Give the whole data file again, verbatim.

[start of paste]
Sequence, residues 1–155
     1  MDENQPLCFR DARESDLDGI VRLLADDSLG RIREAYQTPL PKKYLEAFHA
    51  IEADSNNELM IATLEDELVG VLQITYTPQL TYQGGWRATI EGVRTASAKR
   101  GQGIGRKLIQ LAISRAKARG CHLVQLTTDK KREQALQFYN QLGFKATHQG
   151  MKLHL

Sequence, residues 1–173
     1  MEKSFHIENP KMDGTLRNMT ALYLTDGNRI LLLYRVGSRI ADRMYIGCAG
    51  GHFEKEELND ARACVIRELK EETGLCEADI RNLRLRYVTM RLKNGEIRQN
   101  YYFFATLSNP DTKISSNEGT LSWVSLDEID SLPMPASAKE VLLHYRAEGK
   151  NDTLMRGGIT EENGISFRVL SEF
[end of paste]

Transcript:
Sequence, residues 1–155
     1  MDENQPLCFR DARESDLDGI VRLLADDSLG RIREAYQTPL PKKYLEAFHA
    51  IEADSNNELM IATLEDELVG VLQITYTPQL TYQGGWRATI EGVRTASAKR
   101  GQGIGRKLIQ LAISRAKARG CHLVQLTTDK KREQALQFYN QLGFKATHQG
   151  MKLHL

Sequence, residues 1–173
     1  MEKSFHIENP KMDGTLRNMT ALYLTDGNRI LLLYRVGSRI ADRMYIGCAG
    51  GHFEKEELND ARACVIRELK EETGLCEADI RNLRLRYVTM RLKNGEIRQN
   101  YYFFATLSNP DTKISSNEGT LSWVSLDEID SLPMPASAKE VLLHYRAEGK
   151  NDTLMRGGIT EENGISFRVL SEF